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					Introduction to Trauma
   Trauma is the leading cause of death in
    persons age 1 – 44.
   4th in relationship to all causes
   80% of teenage deaths are secondary to
   60% of childhood deaths are secondary to
   140,000 deaths annually. 11,000,000 are
    temporarily disabled every year, 450,000
    are permanently disabled.
   >40,000 deaths related to automobiles
Morbidity and Mortality
   Focus of EMS creation in 1960s
    – White Paper of 1966
   Survival largely (not entirely) dependent
    upon time to definitive care
    – “The Golden Hour”: Concept vs. Rule
   EMS role
    – Early recognition through assessment
    – Prevention of Secondary Injury
    – Rapid transport to appropriate facility
Trauma System Components
   Injury prevention      Interfacility
   Prehospital care        transportation
   Transportation         Trauma critical
   Trauma triage           care
    guidelines             Rehabilitation
   Emergency              Data collection/
    department care         trauma registry
                           Research
Trauma Systems
   Trauma centers
    – Levels
       • I, II, III and IV
    – Qualifications
       • Essential
       • Desired
    – Voluntary
Trauma Transport Considerations
 Level of receiving facility needed
 Mode of transport
    – Ground transport
       • Appropriate facility reached within reasonable time
       • To a landing zone for air medical transport
    – Air medical transport
       • Indications
       • Contraindications
       • Procedure
 Integral part
  of EMS
 Early
 Immediate
 Late
Mechanisms of Injury:
The Kinetics of Trauma
The Kinetics of Trauma
 Mass and Velocity.
  The amount of kinetic
  energy a moving body
 Acceleration and
  Deceleration. The
  faster a change in
  speed, the greater the
  amount of force
Newton’s First Law of Motion
   A body at rest will
    remain at rest and
    a body in motion
    will remain in
    motion unless
    acted upon by
    some outside
 Energy cannot be
  created or
  destroyed, but can
  be changed in form.
 Energy may become
  a form of
  mechanical, thermal,
  electrical, or
  chemical energy.
Kinematics vs. Mechanism
Energy, Changing Forms
Kinetic Energy
   Energy in motion related to weight
    (mass) and speed (velocity).

     KE=M/2 x V2
 Vehicle Collision-the vehicle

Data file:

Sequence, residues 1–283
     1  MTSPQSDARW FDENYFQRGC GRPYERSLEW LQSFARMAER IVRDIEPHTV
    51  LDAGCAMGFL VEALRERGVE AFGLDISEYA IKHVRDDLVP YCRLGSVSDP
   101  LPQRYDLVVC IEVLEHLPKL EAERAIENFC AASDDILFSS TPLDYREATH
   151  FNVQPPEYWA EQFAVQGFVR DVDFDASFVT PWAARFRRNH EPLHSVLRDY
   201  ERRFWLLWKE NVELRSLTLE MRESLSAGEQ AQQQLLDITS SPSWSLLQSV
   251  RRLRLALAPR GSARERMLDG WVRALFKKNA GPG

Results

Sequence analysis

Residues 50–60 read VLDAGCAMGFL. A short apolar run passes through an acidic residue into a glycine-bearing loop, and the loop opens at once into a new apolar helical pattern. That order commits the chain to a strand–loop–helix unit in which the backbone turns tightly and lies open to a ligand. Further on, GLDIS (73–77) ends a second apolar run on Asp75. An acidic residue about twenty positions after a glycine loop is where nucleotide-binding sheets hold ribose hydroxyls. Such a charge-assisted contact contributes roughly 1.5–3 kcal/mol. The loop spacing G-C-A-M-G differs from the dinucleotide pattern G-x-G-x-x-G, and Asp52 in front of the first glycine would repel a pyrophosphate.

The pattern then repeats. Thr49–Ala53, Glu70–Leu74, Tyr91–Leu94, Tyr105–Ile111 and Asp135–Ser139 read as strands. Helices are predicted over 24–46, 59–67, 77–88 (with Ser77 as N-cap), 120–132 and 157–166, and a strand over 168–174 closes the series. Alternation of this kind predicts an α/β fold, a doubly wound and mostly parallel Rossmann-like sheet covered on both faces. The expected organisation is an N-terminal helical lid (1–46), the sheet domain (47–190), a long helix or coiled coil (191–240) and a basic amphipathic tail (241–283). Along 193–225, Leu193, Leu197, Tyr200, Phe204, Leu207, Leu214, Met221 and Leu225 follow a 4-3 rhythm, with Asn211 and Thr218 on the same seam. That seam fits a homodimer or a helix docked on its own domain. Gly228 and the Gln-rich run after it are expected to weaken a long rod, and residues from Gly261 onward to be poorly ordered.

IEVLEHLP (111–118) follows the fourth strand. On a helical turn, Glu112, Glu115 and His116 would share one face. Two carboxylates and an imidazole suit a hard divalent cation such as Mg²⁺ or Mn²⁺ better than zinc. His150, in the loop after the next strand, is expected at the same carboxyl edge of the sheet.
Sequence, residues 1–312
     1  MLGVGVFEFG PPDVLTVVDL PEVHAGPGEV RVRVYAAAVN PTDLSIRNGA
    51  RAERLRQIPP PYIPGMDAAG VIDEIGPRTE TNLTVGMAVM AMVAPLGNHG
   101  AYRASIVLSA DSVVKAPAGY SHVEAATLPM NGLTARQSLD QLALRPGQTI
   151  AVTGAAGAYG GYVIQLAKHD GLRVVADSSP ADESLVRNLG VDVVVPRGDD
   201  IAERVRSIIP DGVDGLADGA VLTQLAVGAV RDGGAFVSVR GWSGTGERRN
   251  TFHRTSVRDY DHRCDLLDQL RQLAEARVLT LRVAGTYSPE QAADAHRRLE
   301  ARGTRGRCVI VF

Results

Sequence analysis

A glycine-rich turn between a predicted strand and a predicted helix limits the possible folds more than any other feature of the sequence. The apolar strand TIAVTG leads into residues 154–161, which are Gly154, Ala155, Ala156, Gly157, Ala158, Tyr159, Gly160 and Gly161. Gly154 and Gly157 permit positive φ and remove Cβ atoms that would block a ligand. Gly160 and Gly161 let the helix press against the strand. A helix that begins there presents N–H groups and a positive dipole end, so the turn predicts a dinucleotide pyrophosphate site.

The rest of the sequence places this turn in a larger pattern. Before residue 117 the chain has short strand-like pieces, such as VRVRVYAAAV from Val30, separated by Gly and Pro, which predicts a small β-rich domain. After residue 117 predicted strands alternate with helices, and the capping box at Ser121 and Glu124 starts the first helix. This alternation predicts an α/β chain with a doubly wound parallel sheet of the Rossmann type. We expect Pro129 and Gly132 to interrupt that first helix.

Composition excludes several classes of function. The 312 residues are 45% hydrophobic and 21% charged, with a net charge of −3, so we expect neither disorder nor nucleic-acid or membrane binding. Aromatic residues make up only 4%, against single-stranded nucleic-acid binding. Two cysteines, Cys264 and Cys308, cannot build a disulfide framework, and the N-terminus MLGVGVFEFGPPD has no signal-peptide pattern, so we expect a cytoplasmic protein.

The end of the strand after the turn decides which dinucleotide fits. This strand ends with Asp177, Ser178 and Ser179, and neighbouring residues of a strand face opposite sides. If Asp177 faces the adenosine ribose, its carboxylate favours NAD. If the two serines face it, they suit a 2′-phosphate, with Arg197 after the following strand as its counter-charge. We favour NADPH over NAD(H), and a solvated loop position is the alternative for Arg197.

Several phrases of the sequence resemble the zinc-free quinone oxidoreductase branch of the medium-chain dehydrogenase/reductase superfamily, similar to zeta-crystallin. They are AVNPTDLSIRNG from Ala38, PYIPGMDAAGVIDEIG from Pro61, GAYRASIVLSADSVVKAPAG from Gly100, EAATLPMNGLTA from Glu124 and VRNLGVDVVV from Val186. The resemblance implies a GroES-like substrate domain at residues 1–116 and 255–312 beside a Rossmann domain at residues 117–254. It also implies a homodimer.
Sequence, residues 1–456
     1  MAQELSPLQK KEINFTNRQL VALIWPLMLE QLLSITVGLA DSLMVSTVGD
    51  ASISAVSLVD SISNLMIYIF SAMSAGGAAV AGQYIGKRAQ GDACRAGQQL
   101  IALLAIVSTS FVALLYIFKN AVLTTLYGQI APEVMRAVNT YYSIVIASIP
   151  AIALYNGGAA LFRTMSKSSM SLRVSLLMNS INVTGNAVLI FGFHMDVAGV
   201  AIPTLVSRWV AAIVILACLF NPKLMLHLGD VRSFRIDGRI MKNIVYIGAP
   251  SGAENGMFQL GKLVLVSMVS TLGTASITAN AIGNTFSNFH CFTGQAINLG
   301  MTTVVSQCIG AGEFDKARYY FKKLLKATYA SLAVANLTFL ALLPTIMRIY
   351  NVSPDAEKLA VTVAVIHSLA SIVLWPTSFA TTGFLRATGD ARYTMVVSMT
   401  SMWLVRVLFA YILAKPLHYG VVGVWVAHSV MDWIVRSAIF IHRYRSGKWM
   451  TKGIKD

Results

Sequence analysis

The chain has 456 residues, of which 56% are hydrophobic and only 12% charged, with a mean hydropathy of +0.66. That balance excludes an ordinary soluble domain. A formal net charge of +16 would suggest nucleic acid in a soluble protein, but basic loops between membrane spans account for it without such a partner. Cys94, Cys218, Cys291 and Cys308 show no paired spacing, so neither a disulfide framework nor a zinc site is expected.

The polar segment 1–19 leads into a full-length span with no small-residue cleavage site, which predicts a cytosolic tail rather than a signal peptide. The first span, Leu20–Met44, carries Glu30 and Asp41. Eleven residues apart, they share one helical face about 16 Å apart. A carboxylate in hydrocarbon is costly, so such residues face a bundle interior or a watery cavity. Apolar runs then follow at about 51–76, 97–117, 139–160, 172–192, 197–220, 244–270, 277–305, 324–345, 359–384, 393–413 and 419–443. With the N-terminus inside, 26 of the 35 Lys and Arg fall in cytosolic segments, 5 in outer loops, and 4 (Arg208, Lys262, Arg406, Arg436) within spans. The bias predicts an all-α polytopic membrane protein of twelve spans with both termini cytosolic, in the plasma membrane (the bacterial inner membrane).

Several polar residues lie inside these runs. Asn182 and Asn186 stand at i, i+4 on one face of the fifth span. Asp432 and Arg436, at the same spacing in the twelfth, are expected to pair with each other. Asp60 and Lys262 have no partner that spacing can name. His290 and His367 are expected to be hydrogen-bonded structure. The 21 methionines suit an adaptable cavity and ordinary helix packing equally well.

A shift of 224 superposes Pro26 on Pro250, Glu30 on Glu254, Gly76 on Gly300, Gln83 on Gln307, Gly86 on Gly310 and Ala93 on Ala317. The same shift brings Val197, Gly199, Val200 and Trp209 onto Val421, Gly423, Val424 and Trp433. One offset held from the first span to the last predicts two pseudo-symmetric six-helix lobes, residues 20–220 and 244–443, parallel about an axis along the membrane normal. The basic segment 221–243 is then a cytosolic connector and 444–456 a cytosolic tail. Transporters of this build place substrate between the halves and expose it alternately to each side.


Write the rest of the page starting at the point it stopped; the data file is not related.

suddenly stops.
 Body Collision-the patient comes to
  an abrupt stop against part(s) inside
  the vehicle.
 Organ Collision-the patient‟s internal
  organs come to an abrupt stop
  striking other body structures.
Vehicle Collisions
Vehicle Collisions
 The greater the speed of the
  collision, the greater the chance for
  life-threatening injury.
 Maintain a high index of suspicion
  for trauma:
    – With the death of another occupant in
      the passenger compartment.
    – Unresponsive patients
    – Patients with altered mental status
Deaths in MVC
Frontal Impact
 Frontal Impact Collision
 Driver continues to move forward at the
  same speed the vehicle is traveling.
 May proceed up and over the steering
  wheel, causing injuries to the head,
  neck, chest, and abdomen with possible
 May proceed down and under the
  steering wheel, causing injuries to the
  knees, femurs, hips, acetabulum, and
Frontal Impact
Passenger Injuries
Up and Over
Down and Under
Rear-End Impact
Rear-End Impact
 Initial movement is backward,
  causing hyperextension of the neck.
 Followed by the forward movement
  of the head and torso causing
  hyperflexion of the neck, up-and-over
  or down-and-under injuries.
 Coup / Contrecoup head injuries
Coup / Contrecoup Injury
Hyperflexion / Hyperextension
Lateral (Side) Impact
Lateral Impact
   Results in injuries to the head
    and neck
   Chest and abdomen
   Spine
   Pelvis and femurs
Lateral Bending
Injuries to Side of Impact
Rotational or Rollover Impact
Rotational or Rollover Impact
 Many different points of impact.
 It is impossible to predict what
  injuries the patient will receive.
 Ejection from vehicles accounts for
  27% of the 125,000 trauma deaths
  that occur each year.
Motorcycle Accidents
Motorcycle Collisions
Motorcycle Collisions
 Head-on impacts are most often
  associated with the driver being thrown
  some distance from the motorcycle.
 Angular impact strikes an object at an
  angle causing injury to the lower
  extremities and lateral bending.
 Laying the bike down results in the driver
  sustaining abrasions to body from
  dragging the pavement or ground.
Bicycle Accidents
Bicycle Accidents
 Very similar injury patterns as
  motorcycle accidents
 Abdominal injuries (especially to the
  liver) from handlebars common.
 Young children often get fingers and
  toes in chains and spokes.
Vehicle vs. Pedestrian Accidents
Vehicle-Pedestrian Collisions
   The extent of injury depends on:
    – How fast the vehicle was traveling
    – Part of the patient‟s body that was
    – How far the patient was thrown, up-
      and-over or down-and-under (age
    – The surface the patient lands on
    – Body part that impacts first
Pedestrian Injuries
Vehicle-Pedestrian Collisions
   Common injuries in children
    – A combination of injuries to the femur,
      chest, abdomen, and head.
   Common injuries in adults
    – Fractures to the tibia and fibula
    – Injuries to the back, chest, abdomen, and
   Waddell‟s Triad: Femur/Pelvis,
    Abdomen/Chest, Head
 Common cause of hidden injuries.
 Seat restraints should restrain the
  patient at one or two points low on
  the pelvis and the shoulder.
 Infants seats should face backward
  in the upright position with all infants
  and children restrained in the back
Penetrating Injuries
   The amount of damage is
    determined by the amount
    of kinetic energy transferred
    to tissue and the area of the
    body it penetrates.
   Low-velocity penetrating
    injuries usually caused by a
    knife or impaling type
   Medium and high velocity
    injuries usually caused by
Low Velocity Penetrating Injuries
Medium and High Velocity
Penetrating Injuries
                        RECOIL TABLE
               Bullet          Charge   Muzzle     Gun      Recoil       Recoil     Recoil
Cartridge      Weight          Weight   Velocity   Weight   Impulse      Velocity   Energy
(HG =          (gr.)           (gr.)    (f.p.s.)   (lb.)    (lb.-sec.)   (f.p.s.)   (ft.-lb.)